Well, obviously a lot of our pubs bear the names of kings and queens, with Queen Victoria heading the list above. I’m surprised to find Kings George III, George IV and William IV galloping up behind her, while all the rest are far more thinly spread. Why are these four monarchs, who all reigned… Continue reading How many English pubs are named after monarchs….?
Richard of Shrewsbury, Duke of York
Richard Shrewsbury Duke of York was the second son of King Edward IV. We don’t know a lot about him because he was not the heir to the throne but notwithstanding this, he is one of the most investigated historical characters being him one of the well known “Princes” in the Tower. We have not… Continue reading Richard of Shrewsbury, Duke of York
Shrewsbury refused entry to Henry Tudor….in 1985….
Here’s a little smile—well, smirk, actually—at Henry Tudor’s expense. It’s a snip from a new book by local (to Shrewsbury) historian, David Trumper, and released in November 2018, called ‘Now That’s What I Call Shrewsbury’. “. . .One of the photos recalls a brutal snub given by Shrewsbury to Henry Tudor – or rather, volunteers… Continue reading Shrewsbury refused entry to Henry Tudor….in 1985….
Dyer or Dire?
Many of you will remember the episode of “Who do you think you are” in which Danny Dyer was revealed as a descendant of Edward III. In this new two part series, he “meets” a few prominent ancestors, some even more distant. The first episode began with Rollo, ancestor of the Dukes of Normandy, which… Continue reading Dyer or Dire?
An army of blue-blooded gannets….?
One hears about the dreadful expense occurred by the nobles who played host to various monarchs. But grand houses weren’t the only destinations for our perambulating kings and queens. For instance, in January 1398, on his way to Parliament in Shrewsbury, Richard II travelled with his young French wife, five dukes, four earls, three bishops,… Continue reading An army of blue-blooded gannets….?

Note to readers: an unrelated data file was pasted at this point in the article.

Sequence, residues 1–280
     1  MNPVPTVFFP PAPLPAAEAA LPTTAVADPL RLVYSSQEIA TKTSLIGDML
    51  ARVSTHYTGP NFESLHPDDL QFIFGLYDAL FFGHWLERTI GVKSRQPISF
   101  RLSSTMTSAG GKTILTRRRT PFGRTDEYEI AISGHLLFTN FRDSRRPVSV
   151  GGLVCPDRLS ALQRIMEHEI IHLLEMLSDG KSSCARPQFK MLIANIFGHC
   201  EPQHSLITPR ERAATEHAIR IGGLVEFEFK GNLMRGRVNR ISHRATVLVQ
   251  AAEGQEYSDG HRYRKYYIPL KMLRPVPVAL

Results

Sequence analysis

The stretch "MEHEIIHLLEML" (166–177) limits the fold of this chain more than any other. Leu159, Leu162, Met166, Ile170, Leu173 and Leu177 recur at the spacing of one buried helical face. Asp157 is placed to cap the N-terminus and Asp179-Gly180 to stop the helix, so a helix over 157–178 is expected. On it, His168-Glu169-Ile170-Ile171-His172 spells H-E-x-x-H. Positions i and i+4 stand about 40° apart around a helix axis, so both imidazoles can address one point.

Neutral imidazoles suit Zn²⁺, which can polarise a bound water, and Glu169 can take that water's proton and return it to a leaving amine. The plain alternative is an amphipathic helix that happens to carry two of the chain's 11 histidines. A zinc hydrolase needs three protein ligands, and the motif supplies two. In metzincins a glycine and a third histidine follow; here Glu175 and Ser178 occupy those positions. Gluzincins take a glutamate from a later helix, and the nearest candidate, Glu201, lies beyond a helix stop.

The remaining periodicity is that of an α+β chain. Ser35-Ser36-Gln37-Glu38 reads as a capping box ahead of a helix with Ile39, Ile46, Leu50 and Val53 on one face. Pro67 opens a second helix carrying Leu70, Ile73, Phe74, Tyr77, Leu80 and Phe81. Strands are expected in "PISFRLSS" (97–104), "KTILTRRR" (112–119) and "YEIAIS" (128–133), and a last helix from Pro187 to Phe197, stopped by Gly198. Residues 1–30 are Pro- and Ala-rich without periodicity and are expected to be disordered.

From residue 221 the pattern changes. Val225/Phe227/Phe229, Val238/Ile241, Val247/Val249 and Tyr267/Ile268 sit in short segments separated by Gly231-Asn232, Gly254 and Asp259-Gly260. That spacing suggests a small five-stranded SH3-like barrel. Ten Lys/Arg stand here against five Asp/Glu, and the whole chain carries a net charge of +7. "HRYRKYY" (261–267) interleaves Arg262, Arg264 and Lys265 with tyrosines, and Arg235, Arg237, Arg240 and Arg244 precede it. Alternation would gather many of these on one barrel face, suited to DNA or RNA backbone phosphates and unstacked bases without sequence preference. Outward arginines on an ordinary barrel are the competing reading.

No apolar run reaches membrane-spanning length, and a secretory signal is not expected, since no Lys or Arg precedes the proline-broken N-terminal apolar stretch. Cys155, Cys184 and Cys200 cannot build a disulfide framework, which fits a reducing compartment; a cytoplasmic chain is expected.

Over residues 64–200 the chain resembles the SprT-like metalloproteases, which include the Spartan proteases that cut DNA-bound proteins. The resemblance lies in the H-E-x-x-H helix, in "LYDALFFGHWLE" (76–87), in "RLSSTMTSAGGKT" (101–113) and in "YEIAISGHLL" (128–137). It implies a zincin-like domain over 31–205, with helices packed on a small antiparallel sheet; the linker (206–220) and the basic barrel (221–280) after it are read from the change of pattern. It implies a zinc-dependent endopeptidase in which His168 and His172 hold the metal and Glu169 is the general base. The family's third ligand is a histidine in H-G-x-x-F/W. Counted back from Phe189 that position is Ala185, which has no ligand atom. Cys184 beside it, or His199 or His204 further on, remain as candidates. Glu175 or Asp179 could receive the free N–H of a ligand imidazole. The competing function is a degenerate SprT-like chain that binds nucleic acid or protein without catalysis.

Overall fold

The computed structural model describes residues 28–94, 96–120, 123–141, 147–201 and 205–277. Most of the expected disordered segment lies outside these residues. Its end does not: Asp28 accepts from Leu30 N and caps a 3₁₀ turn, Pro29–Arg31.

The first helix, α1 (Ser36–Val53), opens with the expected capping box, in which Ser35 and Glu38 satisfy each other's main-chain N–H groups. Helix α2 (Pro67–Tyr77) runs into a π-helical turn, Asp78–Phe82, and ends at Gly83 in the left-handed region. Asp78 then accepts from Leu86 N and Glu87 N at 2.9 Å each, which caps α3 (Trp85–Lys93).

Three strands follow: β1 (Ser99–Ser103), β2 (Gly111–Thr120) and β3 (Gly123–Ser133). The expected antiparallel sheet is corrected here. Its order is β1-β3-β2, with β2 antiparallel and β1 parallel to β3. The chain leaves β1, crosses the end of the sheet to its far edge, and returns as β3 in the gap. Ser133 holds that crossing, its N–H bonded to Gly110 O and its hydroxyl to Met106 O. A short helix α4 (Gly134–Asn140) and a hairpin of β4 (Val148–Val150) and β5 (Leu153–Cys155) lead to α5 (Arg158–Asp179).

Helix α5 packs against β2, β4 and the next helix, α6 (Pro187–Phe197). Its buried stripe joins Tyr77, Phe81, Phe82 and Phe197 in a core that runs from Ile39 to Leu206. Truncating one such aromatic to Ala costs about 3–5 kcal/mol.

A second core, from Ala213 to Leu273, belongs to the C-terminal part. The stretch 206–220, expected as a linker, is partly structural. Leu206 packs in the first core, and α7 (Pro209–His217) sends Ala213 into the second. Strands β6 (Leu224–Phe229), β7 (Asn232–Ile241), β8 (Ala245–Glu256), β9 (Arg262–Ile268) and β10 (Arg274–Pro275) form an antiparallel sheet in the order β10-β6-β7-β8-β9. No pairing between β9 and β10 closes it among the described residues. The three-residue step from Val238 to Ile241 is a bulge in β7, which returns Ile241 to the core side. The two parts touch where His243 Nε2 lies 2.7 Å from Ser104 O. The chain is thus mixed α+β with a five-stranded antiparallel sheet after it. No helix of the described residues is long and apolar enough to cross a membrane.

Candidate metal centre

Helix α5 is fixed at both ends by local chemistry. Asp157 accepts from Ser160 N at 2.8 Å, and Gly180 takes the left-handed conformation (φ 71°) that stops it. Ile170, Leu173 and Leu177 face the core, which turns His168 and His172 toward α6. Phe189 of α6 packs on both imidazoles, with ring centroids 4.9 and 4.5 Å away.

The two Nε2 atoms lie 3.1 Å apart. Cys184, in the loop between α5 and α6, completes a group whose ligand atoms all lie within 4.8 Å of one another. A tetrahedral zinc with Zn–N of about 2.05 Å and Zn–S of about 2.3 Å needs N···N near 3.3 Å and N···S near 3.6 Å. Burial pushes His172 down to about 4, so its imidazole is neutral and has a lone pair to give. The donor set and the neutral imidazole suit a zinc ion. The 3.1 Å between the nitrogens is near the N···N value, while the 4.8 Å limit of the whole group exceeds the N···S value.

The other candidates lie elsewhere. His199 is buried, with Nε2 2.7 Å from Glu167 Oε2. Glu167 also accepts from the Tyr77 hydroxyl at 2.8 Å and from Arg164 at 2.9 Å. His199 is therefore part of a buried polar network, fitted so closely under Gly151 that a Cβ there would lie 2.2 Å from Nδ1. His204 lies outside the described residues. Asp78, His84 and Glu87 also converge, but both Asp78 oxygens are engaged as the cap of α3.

The Shrewsbury house “graced” by Henry Tudor on his way to Bosworth….
According to this source, this old house in Wyle Cop, Shrewsbury, with its… “…blackened timbers and pretty traceried window adorned by coats of arms, has an added interest from the fact that it is ‘ Ye auncient house in which King Henry the VII loged, when he went to Bosworth Field, Augst 1485.’ So… Continue reading The Shrewsbury house “graced” by Henry Tudor on his way to Bosworth….
Another myth about men “not breaking oaths to Richard”. . . .
Well, I’ve heard the tale of Sir Rhys ap Thomas hiding under a bridge for Henry to march over him on the way to Bosworth, thus not breaking Sir Rhys’s oath of loyalty to Richard, but this is a new one on me! Now we have this new variation, from http://tudortimes.co.uk/military-warfare/1485-battle-of-bosworth/henrys-march :- “. . .when… Continue reading Another myth about men “not breaking oaths to Richard”. . . .
Just WHY did Buckingham think he could cross the flooded Severn….?
On this date, St Luke’s Day, 18th October, in 1483, apparently egged on by that notorious Lancastrian plotter, John Morton, Bishop of Ely, Henry Stafford, 2nd Duke of Buckingham unfurled his banners in rebellion against his cousin, King Richard III. Morton was supposedly Buckingham’s prisoner, handed over to him by Richard for safe keeping. Safe… Continue reading Just WHY did Buckingham think he could cross the flooded Severn….?